Construction LawLitigationZinnLAw Florida’s construction lien laws

Serving clients in Fort Myers, Cape Coral, Estero, Bonita Springs, Naples, Alva, Lee and Collier County, Florida

Florida’s construction lien laws are a bit complicated, so at ZinnLaw, we’ve decided to break down the process for you. Once you understand how liens work in Florida, you’ll better understand your rights. A construction lien is a legal claim for unpaid work.  In other words, if a contractor isn’t paid in full for a project, he or she can file a lien with the court.  The lien serves to hold the property owner accountable until payment is made.  With a lien on the real estate title, it is very difficult, if not impossible, for the property owner to sell the property until the lien is removed.

Who can file a construction lien in Florida?

In Florida, direct contractors, subcontractors, material suppliers, equipment lessors, and laborers can file a lien on land or real property.  Lien rights are given to mechanics under Florida construction law to direct contractors, subcontractors, material suppliers, equipment lessors, and laborers when they perform work for the “permanent benefit” of land or property.  Additionally, design professionals (including architects, engineers, and surveyors) can file a construction lien for their services, even if the project was never actually carried out to completion.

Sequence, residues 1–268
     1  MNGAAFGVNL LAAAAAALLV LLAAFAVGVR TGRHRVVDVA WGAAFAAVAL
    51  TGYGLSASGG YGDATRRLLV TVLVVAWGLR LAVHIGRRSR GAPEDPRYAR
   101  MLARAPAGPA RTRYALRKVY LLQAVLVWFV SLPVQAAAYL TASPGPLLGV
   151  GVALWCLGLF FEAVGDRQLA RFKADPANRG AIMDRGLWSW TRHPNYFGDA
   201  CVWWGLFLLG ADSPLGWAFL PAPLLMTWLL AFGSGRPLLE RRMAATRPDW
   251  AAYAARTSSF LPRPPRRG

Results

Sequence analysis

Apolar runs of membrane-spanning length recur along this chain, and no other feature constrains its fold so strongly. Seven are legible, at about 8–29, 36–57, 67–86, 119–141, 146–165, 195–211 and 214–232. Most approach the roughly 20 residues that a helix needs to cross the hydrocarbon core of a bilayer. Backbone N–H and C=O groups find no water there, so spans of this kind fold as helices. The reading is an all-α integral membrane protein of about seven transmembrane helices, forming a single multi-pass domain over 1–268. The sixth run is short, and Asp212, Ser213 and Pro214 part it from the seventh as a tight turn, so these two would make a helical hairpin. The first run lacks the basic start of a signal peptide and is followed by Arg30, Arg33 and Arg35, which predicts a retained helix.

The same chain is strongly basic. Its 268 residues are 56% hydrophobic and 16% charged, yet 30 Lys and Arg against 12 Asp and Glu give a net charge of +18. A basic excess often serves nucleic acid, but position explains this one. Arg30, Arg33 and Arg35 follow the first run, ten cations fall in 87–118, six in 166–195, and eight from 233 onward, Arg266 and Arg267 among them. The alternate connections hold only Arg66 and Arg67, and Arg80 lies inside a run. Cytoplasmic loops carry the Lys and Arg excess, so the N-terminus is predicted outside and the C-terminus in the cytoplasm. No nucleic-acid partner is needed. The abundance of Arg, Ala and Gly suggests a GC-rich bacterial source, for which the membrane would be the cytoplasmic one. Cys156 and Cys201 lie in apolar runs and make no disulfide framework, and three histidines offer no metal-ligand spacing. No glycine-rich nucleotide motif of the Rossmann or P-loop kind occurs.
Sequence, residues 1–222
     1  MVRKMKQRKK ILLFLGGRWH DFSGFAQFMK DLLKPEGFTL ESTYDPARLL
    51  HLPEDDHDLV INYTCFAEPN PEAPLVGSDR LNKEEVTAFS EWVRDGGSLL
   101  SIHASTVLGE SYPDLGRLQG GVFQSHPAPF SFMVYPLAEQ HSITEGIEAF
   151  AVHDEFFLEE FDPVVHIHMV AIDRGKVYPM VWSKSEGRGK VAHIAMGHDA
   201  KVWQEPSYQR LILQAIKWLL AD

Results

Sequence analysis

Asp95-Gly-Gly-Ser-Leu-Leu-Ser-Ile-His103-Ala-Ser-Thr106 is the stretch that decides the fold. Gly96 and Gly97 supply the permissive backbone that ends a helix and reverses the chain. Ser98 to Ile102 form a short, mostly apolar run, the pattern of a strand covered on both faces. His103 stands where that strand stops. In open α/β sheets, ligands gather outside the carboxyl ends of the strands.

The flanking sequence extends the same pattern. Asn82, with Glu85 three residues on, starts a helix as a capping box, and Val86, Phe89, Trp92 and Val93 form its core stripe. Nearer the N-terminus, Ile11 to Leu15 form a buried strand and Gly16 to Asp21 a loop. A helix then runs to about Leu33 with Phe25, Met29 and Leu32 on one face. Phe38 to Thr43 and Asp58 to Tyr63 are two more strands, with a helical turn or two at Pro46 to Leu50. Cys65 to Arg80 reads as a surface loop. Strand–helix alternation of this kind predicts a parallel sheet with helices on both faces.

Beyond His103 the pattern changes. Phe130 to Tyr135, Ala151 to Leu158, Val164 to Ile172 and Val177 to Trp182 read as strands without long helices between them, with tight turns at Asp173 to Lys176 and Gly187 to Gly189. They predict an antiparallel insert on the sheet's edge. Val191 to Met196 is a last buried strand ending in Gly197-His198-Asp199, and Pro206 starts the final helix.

However, in order for a lien to be filed, all of these potential claimants must be licensed.  Florida law is quite strict in this regard.  Without a license, not only will the contractor be unable to file a construction lien, but they will not be able to pursue claims for unlicensed work and may be subject to fines.

A few more caveats about who can file construction liens in Florida:

  • Material suppliers’ lien rights are limited to those supplying materials to the second tier of subcontractors and higher.  The suppliers of suppliers don’t have lien rights.
  • Yard maintenance, such as grass mowing or tree trimming, is not lienable in Florida. Landscapers’ work, such as planting trees and shrubs, is lienable though in certain cases.
  • Cleaning companies hired to mop, sweep, polish or vacuum after a construction project is completed cannot file liens.  Companies that clear debris caused by demolition and construction can file liens though.

Do I need a lawyer to file a construction lien in Florida?

Technically, no, you don’t.  You can file a lien claim on your own.  It’s important to keep in mind though that Florida’s construction lien laws are complicated and difficult to navigate.  Plus, timelines are easy to misinterpret, and you could very well miss a deadline without full understanding of the law.  It’s to your advantage to employ the services of an experienced attorney, like Brian Zinn, who is familiar with filing liens in Florida.  That way, you can focus on your other construction projects while your attorney handles the lien and helps you recover the money you’re owed. Contact us today about your case.